Memories of Moyses: A Dedication to Mary M.S. Hickman

Memories of Moyses: A Dedication to Mary M.S. Hickman

Posted by Duncan McCabe on 25th Oct 2021

We would love to hear your Memories of Moyses Stevens

The legend of Moyses Stevens is remarkable. With patronage from generation upon generation of Londoners and beyond, the shops have been a firm favourite with the like of Oscar Wild, Winston Churchill, not to mention being the proud bearer of two Royal warrants, formally HRH the Queen Mother and currently HRH Prince Charles.

Moyses Stevens has prevailed through two world wars, two global pandemics and has witnessed the advances in technology that Miss Moyses and her team may never have imagined! The world has transformed beyond recognition but what remains constant is a passion for flowers for today's team as the brand that approached 150 years.

Whilst we celebrate the team today, we also honour the many florists that have worked for the company in the past. Today we dedicate our Journal post to Mary M.S. Hickman and her remarkably detailed and beautiful account of her time working for Moyses Stevens in the 1920s. Packed with glorious pieces of information and mentions of the distinguished people who frequented Moyses Stevens at that time.

Her name at the time she worked for Moyses Stevens was Mary Margaret Soule Mathias, (1900- 1994)

She married in 1927 and became Mary M.S. Hickman. We were contacted by her granddaughter Sally Whyte who very kindly allowed us the share the following extract.

We would like to discover more memories of Moyses. If you, your parent or grandparent or anyone you know worked at Moyses Stevens, we would love to hear from you! We would be honoured if you would be willing to share your story and delighted if you had any photographs or mementoes of your time working for the company.


‘After being at home for a while, thought I must try to get some more work. One day, when we had gone up to Victoria, with Mum, Aunt Kate and Ma, we looked at Buckingham Palace and then walked across the road. We looked at Gorringes and several other shops, then we turned into Victoria St. After a few more shops we came to a Florists, Moyses Stevens, full of beautiful flowers and arrangements, and I said to Mum "I am going in here to see if I can get a job". So going in, I went up to the desk where the cashier sat and asked if there was any possibility of a job. She asked me how old I was, and where I had been to school etc., and told me to come and see Mr Stevens at 11 o'clock the next morning.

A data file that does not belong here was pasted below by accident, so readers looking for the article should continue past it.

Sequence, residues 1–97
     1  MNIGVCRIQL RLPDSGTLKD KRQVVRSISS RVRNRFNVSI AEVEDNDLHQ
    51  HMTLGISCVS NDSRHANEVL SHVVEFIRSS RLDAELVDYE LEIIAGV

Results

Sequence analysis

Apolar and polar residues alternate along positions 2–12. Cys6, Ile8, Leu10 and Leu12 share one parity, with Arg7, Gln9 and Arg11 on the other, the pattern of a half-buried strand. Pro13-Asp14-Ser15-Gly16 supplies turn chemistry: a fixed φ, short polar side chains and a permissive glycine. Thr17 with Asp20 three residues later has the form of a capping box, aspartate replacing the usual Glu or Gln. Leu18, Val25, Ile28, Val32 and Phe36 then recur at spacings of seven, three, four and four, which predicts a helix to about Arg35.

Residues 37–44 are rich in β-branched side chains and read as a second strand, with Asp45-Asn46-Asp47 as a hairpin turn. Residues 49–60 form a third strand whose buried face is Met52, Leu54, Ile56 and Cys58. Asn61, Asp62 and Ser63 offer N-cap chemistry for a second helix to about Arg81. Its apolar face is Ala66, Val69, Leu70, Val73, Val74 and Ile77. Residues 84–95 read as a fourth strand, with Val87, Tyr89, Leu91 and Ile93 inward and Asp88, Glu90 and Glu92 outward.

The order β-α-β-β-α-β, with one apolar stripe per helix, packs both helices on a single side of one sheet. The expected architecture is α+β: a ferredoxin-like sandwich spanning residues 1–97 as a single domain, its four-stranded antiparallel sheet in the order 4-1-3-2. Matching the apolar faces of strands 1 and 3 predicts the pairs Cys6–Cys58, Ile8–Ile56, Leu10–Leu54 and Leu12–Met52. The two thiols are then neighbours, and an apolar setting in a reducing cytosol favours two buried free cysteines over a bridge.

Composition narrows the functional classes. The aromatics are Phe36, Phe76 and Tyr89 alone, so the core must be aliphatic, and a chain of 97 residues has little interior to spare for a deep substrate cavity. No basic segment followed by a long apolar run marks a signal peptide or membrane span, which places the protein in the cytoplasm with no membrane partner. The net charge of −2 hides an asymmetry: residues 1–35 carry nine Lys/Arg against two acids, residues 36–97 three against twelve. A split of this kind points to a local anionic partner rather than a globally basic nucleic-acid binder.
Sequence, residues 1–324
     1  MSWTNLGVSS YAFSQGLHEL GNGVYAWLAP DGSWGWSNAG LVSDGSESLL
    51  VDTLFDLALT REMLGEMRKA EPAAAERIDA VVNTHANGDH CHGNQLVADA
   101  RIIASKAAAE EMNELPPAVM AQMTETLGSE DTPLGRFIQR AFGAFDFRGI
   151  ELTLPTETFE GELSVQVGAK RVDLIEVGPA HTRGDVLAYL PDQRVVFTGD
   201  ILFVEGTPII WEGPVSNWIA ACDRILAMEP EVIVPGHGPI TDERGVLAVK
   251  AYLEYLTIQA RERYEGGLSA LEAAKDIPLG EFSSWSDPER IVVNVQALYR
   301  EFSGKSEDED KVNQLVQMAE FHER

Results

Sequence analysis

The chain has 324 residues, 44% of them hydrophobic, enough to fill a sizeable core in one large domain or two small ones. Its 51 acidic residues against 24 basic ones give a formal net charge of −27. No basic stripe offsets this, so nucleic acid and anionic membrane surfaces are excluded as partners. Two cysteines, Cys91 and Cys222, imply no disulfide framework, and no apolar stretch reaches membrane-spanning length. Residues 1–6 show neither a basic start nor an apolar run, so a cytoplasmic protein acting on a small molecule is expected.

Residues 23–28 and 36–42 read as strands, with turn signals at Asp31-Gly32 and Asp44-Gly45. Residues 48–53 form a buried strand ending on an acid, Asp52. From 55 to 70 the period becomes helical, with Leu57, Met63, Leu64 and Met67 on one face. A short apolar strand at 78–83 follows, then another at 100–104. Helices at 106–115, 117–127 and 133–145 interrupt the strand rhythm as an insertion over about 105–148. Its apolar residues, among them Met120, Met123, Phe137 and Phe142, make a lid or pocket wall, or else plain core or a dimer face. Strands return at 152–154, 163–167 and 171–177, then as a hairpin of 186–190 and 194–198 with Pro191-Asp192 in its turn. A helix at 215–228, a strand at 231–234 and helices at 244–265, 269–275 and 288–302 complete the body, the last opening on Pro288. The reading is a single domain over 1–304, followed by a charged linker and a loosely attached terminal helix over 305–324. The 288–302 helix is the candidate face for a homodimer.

Greatly encouraged by this, I did so and after a lot of questioning he told me to come next day. I could have 30/- (old Shillings) per week and so started my work as a florist. Of course there was a lot to learn, mossing wreath frames, wiring the flowers, but most of all serving the customers. At first I was very nervous but all the girls there were very helpful, and the Manageress, Miss Ayers helped me a great deal. In fact we became good friends, as I did with the other girls. Some had been there a long time. There was a French lady there and she used to get very het up sometimes and blow her top! We were not allowed to sit down in order to be ready to serve, and it aot very tiring sometimes. I used to lean on the counter which was of green marble and got quite a hole in the front of my dress! It was also very cold in the winter. I had to push the wires off the counter to Get hold of them. I had bad chilblains on my fingers. We were always very busy - it was such a well known shop - especially at Easter and Christmas. I often had to start at 6.0 am or soon after, and they used to give us breakfast, and sometimes didn't leave until 10 or My Father used to come and meet me, because he didn't like me travelling on my own so late. We worked all day Good Friday, but got Easter Monday off.

When the Eton College Races were on, we got mothers, fathers and boys coming in for their buttonholes of blue flowers. Armistice Day was also a busy time. One year Mr Stevens was invited to Go to America to arrange flowers for their Special Day. He took Miss Philips with him. They sailed across and had a wonderful time. There were also Churches to be decorated for weddings, with bouquets and buttonholes to be made up. The window had to be dressed to attract customers - people were always coming in for the bunches we sold. We had a great many distinguished customers - Lord Birkenhead (FE Smith) wanted a Gardenia buttonhole - but you had to go out to his car and fix in the buttonhole. Lord Cottesmore had one without any leaves and nearly always asked for me to put it in for him. The girls used to tease me and say "Look at 'Methuselah' blushing!"- not when anyone was about, oh no!